From flooded Barangay Venezia to war-torn Saigon, and back.
Such has been the theatrical journey of Aicelle Santos, who has returned to the country after a yearlong stint in the 2017-2019 European touring production of “Miss Saigon,” where she played jaded bar girl Gigi.
Now she’s set to reprise the role she originated in Philippine Educational Theater Association’s (Peta) “Rak of Aegis”—
that of Aileen, who puts fictional Venezia on the world’s radar after a video of her belting out “Basang-basa sa Ulan” goes viral—for the jukebox musical’s sixth rerun, beginning July 5.
“When I got the news that ‘Rak’ was coming back, and Peta called, I immediately said yes,” Santos says. “My first musical was ‘Katy’ [Spotlight Artists Centre, 2013], and the reason I have ‘Rak’ is because the ‘Rak’ people saw me in ‘Katy.’ ‘Rak’ opened a lot of doors for me. It gave me a different level of confidence.”
Besides, Santos says, “‘Rak’ is family, especially offstage. Once you sit at Peta’s dining table, you won’t want to go home anymore.”
Before “Saigon,” “Rak’s” three-month run in 2016 was already the longest production Santos had been part of—and “that wasn’t even every day,” she says.
“So the ‘Miss Saigon’ tour was really good training. We did eight shows a week and only had one day-off per week. The challenge was how to keep the performance fresh. And you do that by researching again and again, by becoming more observant of the people around you. It’s more an actor’s work.”
More so with playing Aileen in “Rak,” which Santos has done since the show’s 2014 premiere. “I don’t know if I can still portray a 19-year-old after this season [but] I’m actually excited on how I will interpret the role now. After a tour, musicians say, you come back a different person. I understand that now in some way.”
Shortly after joining “Saigon,” Santos was diagnosed with chondromalacia—the thinning of the cartilage in the bones of the knees. “It’s because my physical activities in Europe were different. I was constantly walking, going up and down the stairs, plus the dance training. Here in the Philippines, we’re used to having cars. We’re not used to walking. Nagulat ’yung muscles ko.
“Apparently, it’s the common injury among ‘Saigoners.’ Since the cartilage is thin, the bones rub against each other. Whenever I moved, it was painful. I had to really rest and rehabilitate for one month. I had to be injected with steroids to numb the pain, so I could do strengthening exercises for the leg [the recommended treatment in the absence of cartilage damage]. Wala pala akong muscles sa legs!”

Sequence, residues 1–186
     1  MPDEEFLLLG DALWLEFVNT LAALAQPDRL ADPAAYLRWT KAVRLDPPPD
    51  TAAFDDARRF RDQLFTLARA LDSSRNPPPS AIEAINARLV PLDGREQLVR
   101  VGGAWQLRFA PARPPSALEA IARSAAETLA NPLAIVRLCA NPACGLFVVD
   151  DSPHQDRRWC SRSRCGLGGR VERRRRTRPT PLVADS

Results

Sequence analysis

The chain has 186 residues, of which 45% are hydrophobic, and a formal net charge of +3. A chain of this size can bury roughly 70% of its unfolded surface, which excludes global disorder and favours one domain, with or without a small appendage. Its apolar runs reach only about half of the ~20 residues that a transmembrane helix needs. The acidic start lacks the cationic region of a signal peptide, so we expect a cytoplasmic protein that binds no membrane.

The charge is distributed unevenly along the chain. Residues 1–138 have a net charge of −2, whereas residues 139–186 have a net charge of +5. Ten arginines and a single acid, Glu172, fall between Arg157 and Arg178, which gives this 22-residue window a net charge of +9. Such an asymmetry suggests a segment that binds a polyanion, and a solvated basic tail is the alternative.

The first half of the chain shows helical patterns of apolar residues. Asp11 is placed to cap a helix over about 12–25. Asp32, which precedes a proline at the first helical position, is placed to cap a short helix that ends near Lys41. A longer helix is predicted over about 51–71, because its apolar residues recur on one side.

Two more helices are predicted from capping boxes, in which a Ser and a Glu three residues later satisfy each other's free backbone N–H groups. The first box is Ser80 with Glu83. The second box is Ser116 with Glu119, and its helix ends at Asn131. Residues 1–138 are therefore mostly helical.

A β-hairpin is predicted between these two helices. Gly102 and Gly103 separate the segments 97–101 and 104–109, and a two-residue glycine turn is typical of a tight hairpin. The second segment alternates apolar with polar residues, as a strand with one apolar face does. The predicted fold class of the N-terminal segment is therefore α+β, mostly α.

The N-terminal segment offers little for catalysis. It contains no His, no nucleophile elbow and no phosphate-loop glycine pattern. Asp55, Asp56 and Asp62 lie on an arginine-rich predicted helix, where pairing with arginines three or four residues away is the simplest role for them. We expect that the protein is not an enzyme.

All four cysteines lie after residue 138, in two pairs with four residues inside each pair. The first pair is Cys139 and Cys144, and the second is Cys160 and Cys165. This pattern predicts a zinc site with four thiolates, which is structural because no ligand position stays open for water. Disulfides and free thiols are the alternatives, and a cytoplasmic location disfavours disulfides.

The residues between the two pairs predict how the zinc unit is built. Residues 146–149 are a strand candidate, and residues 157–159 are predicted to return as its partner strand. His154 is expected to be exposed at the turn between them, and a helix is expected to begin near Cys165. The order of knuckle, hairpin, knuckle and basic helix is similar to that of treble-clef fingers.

Injury aside, Santos says she actually enjoyed the touring life. “That was my first time away from home, living alone, outside my comfort zone. The best part was traveling. I saw places I never thought I’d see in my lifetime.”
The tour took her to cities across the United Kingdom, as well as Cologne, Germany, and Zurich, Switzerland.
“My most favorite was Zurich. That was my first experience with snow. Next is Bristol, because I liked the vibe, a mix of city and countryside. Also, Norwich, because that was when my fiancé, Mark [Zambrano, the sports journalist], visited me.
“I’m open to working on another international musical but now I want to be back home to get married and start a life with Mark. If the heavens open doors for me to work abroad again, at least I can take Mark.”
After “Rak,” Santos will reprise her Gawad Buhay-winning turn as the purported visionary Elsa in the rerun this September of The Sandbox Collective’s “Himala, Isang Musikal,” the musical adaptation of Ishmael Bernal’s classic film.
Having performed on both sides of the world, Santos concludes: “Foreign theatergoers are very disciplined. Everything has to be on time. When you say six o’clock, you have to be onstage at six—everyone moving and warming up. If not, you’re late. No one’s ever late there. They’re very systematic with rehearsal, room assignments, costumes, mics. Kaya naman natin sa Pilipinas e.
“But in terms of talent, we’re on par. In terms of material, we’re also on par. We have good writers, good musicians and, I think, the best actors.
“[The English] kasi, most of them come from drama and theater schools. That, we don’t have. ’Yung training natin, sabak kaagad tayo sa show. So I noticed Filipinos are driven by passion. Whenever they’re onstage, ramdam na ramdam mo. It’s always 100 percent.
“I’m not saying foreigners are not passionate. They have heart, but we have more heart. Put a foreigner side by side with a Filipino, lakas ng impact ng Pinoy.” —CONTRIBUTED